By affirming the meaning of life, we would persist in our quest for meaning, even when we continually encounter difficulties and failures.

Freedom of will and responsible choices

Humans have the capacity of free choice in spite of limitations and restrictions.

We have the freedom to choose how to respond to each given situation, how to respond to future potentials.

Freedom of will gives us the core human dignity. We can rise above biological and environmental forces.

“Man can preserve a vestige of spiritual freedom, of independence of mind, even in such terrible conditions of psychic and physical stress” (1985, p.86) as the Nazi concentration camps.

We have the freedom and responsibility to make meaningful choices each day each moment by seeing the larger picture and following our conscience rather than impulse and instinct.

Do not let our ego, emotion or the devil mess up our mind. Always go through the PURE model to make sure that we are doing the right thing.

Do not let anything take control of your life and take you away from your life goal.

Freedom to say No to God and to God’s boundary results in banishment.
Freedom to say Yes to God and to God’s calling results in fulfilling and abundant life.

Adam and Eve’s choice
Frankl’s choice
McCain’s choice

Consciousness of responsibility

There is a “demand quality of life” in every situation and in life overall.

We are called to live with authenticity to fulfill our vocation of destiny, our unique meaning, and life offers opportunities to find meaning in every situation.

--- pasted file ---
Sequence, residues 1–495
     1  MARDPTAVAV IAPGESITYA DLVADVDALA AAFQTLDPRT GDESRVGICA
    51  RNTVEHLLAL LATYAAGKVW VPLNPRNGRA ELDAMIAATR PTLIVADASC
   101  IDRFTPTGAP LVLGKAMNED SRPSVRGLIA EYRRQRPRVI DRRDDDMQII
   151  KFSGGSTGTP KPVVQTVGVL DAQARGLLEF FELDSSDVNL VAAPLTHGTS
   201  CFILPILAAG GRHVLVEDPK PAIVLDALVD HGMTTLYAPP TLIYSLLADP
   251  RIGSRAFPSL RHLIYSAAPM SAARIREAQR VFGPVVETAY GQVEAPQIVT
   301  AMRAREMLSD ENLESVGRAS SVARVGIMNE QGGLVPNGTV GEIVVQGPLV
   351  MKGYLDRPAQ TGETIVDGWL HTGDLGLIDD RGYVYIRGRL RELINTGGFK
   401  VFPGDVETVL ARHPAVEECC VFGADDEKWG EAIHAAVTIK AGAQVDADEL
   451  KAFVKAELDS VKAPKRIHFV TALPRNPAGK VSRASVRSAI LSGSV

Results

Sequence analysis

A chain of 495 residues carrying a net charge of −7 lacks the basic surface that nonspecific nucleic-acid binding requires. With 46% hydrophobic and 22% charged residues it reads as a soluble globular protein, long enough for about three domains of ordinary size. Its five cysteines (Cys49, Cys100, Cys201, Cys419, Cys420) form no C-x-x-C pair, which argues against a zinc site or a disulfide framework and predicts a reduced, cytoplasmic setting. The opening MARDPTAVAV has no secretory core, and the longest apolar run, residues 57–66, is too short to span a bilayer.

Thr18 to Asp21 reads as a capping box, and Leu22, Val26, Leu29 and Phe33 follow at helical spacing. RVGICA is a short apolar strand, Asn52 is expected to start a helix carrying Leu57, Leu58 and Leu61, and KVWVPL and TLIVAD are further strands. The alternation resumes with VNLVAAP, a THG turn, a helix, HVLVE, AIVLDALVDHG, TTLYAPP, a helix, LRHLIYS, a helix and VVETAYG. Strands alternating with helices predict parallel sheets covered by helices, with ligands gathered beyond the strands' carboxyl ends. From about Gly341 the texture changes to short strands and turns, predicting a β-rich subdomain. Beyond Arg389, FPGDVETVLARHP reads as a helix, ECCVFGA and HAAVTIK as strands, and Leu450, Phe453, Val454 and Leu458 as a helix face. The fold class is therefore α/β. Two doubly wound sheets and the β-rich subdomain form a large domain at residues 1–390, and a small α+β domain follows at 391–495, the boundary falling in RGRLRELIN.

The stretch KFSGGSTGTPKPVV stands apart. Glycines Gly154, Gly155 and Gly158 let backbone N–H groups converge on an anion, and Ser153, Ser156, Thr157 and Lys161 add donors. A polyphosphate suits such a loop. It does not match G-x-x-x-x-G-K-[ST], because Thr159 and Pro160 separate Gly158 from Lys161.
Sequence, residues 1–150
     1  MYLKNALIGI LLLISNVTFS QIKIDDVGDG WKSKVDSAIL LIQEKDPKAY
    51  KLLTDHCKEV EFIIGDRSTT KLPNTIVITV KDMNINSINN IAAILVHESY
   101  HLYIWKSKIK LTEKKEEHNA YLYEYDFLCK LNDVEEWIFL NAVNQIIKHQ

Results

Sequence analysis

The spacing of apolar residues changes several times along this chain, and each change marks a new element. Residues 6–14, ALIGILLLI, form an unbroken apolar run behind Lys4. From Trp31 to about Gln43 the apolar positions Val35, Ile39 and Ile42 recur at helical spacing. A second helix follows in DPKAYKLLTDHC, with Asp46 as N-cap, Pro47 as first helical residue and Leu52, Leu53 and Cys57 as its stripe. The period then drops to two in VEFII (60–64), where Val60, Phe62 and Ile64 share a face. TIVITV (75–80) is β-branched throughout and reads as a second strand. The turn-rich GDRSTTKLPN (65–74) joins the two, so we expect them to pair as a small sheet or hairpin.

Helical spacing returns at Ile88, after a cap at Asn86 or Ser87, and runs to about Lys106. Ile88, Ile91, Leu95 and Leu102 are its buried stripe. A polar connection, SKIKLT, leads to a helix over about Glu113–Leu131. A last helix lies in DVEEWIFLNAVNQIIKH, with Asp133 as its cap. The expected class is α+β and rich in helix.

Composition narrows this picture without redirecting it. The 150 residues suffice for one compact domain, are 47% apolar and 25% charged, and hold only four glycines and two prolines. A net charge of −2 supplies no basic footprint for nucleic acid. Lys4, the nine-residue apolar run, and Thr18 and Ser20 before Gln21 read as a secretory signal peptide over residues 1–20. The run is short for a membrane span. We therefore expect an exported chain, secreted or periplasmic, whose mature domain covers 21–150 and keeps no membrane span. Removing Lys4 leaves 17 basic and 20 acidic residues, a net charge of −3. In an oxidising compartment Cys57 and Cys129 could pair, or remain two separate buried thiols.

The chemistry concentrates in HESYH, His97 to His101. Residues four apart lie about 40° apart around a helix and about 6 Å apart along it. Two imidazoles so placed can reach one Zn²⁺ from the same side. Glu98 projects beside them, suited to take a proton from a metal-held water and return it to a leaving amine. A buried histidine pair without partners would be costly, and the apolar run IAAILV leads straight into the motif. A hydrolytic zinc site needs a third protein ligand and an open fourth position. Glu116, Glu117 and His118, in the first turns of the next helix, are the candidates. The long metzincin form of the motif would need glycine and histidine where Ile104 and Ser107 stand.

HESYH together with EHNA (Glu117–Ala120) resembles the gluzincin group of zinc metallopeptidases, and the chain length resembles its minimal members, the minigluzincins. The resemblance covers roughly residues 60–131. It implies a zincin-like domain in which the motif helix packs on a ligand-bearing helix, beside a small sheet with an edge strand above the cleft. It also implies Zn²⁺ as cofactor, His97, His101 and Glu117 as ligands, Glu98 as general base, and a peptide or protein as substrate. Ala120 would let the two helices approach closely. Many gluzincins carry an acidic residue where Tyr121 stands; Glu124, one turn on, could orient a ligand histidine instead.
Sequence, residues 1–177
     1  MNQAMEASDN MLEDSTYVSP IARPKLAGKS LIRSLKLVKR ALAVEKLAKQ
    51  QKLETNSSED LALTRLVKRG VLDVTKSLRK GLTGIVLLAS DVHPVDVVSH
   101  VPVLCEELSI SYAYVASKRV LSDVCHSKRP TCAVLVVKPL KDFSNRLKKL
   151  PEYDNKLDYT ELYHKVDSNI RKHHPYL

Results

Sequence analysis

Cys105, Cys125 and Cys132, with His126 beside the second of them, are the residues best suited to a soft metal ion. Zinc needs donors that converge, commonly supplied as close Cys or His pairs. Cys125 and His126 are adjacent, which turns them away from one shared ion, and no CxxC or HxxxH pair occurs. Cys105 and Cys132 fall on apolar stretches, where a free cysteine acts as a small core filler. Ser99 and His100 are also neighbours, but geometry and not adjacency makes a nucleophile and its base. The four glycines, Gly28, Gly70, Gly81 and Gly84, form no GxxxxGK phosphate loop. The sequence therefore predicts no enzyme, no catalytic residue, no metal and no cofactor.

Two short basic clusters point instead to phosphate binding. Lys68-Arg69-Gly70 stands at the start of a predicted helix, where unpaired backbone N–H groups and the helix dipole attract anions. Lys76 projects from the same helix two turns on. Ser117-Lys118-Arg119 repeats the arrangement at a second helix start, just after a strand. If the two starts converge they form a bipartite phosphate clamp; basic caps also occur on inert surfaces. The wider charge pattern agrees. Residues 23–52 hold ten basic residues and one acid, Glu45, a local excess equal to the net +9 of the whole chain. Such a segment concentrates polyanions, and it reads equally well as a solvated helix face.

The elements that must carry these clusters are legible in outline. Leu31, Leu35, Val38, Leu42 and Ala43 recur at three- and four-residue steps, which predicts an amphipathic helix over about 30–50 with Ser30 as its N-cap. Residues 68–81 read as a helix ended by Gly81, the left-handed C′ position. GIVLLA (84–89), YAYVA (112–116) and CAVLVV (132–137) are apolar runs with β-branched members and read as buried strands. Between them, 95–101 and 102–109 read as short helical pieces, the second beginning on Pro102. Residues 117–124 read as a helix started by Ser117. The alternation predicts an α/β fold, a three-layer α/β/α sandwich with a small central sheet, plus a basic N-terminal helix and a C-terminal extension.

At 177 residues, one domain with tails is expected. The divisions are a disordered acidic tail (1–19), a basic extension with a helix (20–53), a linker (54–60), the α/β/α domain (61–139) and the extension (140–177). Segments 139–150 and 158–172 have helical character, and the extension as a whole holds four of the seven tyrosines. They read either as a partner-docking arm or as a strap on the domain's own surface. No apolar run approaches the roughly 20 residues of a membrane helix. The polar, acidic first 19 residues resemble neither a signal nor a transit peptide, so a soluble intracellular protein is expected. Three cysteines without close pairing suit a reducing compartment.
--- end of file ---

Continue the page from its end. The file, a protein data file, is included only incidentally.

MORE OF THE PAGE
“Logotherapy…seeks to bring to awareness the spiritual realities. As existential analysis, it is particularly concerned with making men conscious of their responsibility – since being responsible is one of the essential grounds of human existence.” (Text, p.25)

Response-ability — the ability to respond to the external mandate of “should” and the inner conviction of “ought”

We need to be conscious of both our freedom and the demand quality of life.

Frankl quotes a famous passage by Hillel: “If I don’t do it, who will do it? If I don’t do it now, when shall I do it? And if I do it for myself, what am I?” (Fabry, 1994, 38-39)

“We are free if we see ourselves as part of an order and response-able to it. We are unfree if we reject any order. True freedom is consent to productive activity, a free decision for someone or something, performing a self-chosen task. Only then is freedom a positive value, a ‘freedom to.’ Freedom not used responsibly only widens the existential vacuum” (Fabry, p.114).

Will to meaning — Meaning seeking

Finding meaning is the primary motivation for living.
Everyone must discover the true meaning of each person’s life through interaction with others, not solely through introspection.